Hot answers tagged open-interest
From your comments I have deciphered that what you actually want to know is what the maximum amount of size is that you can trade at any time. Holding aside exchange irregularities, the answer to this is the total amount of size on one side of the book in the direction that you want to trade (e.g. bid side if you want to sell), at the time that you want to ...
Actually your question englobes many questions. In my opinion, you shouldn't only focus on the total volume you're going to execute on a specific day, but also on how you're going to split it into meta-orders(orders of small amounts) all over the day. You need to have: A model for daily volume (which i think is what are you looking for, then an ...
The settlement price is provided by the exchange, it doesn't contradict with the fact that the contract wasn't traded. It's a theoretical price calculated by the appropriate models. In many cases, especially outside of US where there is no continuous market making, the exchange will provide a settlement price for a futures or options contracts in the end of ...
Options are in zero net supply (like futures and other derivatives), so for evry long there is a short and for every short there is a long. The open interest is the sum of the longs which also equals the sum of the short positions.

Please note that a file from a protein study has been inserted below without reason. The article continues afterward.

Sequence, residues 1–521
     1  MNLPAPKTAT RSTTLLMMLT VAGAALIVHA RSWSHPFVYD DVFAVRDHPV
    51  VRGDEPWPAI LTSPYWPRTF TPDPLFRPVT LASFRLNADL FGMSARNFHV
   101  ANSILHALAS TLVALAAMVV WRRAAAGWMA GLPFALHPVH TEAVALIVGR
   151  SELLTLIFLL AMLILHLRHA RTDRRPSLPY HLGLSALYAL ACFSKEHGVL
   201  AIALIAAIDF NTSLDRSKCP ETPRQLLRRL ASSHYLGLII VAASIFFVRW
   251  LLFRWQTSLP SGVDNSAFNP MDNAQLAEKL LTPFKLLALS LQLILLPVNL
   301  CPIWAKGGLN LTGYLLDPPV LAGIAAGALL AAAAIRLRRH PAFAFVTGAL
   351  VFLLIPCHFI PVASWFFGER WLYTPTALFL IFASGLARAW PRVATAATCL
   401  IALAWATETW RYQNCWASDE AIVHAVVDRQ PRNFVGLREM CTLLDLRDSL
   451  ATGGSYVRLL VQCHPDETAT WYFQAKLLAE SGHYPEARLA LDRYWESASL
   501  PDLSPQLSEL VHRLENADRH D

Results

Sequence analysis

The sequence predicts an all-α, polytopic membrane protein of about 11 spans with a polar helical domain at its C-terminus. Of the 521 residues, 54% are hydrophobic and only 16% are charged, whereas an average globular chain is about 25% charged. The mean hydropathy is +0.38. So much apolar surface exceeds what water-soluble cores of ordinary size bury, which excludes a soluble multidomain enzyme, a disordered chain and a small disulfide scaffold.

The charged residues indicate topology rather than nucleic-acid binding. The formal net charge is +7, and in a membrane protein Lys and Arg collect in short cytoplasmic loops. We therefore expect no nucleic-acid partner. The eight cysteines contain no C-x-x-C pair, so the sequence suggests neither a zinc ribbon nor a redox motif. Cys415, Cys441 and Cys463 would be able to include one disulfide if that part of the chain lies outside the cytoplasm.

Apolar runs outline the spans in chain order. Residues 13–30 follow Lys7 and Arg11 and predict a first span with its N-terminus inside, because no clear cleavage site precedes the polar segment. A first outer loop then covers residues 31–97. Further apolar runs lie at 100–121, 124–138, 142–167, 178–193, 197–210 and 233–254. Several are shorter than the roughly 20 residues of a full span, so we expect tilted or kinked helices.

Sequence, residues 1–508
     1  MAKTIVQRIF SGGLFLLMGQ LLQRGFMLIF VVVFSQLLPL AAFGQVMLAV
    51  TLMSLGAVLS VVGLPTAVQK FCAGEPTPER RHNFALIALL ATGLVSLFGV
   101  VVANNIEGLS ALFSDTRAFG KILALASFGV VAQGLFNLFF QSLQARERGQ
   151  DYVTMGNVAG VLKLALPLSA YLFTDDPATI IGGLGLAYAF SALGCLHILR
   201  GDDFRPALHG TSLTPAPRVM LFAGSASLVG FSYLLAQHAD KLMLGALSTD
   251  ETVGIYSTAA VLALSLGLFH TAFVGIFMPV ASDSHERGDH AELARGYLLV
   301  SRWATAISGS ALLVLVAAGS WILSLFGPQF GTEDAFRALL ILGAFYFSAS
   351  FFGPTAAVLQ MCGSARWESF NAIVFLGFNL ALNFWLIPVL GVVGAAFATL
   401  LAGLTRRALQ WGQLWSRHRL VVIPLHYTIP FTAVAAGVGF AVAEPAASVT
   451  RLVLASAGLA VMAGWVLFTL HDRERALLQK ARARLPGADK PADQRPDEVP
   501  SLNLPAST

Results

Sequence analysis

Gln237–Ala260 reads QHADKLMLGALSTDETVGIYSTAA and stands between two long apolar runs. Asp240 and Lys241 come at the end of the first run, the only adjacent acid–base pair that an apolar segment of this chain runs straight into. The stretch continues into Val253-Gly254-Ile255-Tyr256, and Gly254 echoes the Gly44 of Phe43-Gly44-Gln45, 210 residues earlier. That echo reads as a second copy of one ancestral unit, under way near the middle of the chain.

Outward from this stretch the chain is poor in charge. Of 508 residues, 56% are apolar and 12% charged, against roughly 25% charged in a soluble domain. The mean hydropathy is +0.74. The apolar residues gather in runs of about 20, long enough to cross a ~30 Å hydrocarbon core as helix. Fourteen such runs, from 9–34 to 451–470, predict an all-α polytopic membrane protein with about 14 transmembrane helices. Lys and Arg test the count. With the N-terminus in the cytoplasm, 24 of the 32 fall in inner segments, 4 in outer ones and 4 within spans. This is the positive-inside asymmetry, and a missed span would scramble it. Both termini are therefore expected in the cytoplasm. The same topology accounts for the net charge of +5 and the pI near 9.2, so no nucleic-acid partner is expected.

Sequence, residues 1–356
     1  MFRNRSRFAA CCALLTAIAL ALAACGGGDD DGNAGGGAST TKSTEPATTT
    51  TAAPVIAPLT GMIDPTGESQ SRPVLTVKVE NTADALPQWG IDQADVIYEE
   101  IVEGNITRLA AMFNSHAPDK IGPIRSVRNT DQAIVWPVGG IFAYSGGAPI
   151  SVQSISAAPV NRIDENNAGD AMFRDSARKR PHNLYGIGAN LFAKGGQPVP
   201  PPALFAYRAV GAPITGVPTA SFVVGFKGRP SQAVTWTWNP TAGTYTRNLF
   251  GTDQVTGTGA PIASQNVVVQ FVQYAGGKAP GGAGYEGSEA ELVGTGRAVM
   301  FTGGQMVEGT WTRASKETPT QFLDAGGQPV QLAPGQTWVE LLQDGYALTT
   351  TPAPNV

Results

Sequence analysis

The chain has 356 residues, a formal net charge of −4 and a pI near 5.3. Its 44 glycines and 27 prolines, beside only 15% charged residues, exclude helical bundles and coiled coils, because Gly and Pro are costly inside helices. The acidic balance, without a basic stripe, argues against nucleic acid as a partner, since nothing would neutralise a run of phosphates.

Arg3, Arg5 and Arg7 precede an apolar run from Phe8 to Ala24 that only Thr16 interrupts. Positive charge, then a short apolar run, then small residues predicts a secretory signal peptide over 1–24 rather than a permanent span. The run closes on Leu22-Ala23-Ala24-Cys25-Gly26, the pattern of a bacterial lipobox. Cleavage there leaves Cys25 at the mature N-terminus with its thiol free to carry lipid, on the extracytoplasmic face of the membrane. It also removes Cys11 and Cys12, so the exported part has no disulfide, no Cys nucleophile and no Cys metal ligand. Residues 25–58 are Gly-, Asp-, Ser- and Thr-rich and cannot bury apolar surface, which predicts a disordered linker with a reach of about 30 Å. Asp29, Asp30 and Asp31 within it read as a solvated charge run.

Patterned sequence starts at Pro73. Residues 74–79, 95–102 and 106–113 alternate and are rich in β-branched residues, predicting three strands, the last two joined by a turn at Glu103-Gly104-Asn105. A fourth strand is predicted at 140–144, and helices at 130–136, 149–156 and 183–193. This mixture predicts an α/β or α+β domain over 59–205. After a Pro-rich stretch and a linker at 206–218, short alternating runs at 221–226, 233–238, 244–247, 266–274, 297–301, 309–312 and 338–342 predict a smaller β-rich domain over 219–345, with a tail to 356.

CFE calculates settlement price from quotes whether there was trading or not. "The daily settlement price for each VIX futures contract will be the average of the final bid and final offer for the VIX futures contract at the close of trading." CFE rule 1202(p) http://cfe.cboe.com/publish/cferulebook/cferulebook.pdf
You must look at passive volumes available on certain levels in orderbook, that feature is called market depth. There is a possibility that daily volume is correlated somehow with depth on market levels around a price, but I think you must gather some data and model that relationship when you want do that in this way.
"does the underlying usually see increased trading?" Not necessarily. Most market makers do not re-hedge much in the underlying. In many markets the delta is exchanged (off-exchange) alongside the options trade at initiation, making both parties delta neutral at the outset. Re-hedges in large vol books are generally accomplished through other options and ...
I would look at the following metrics when quantifying "liquidity" in listed options: bid/offer spread number contracts traded and from that follows notional traded (in the option not underlying) frequency of bid/offer adjustments relative to changes in the underlying delta. frequency of liquidity added/removed on the bid and offer side even when no ...
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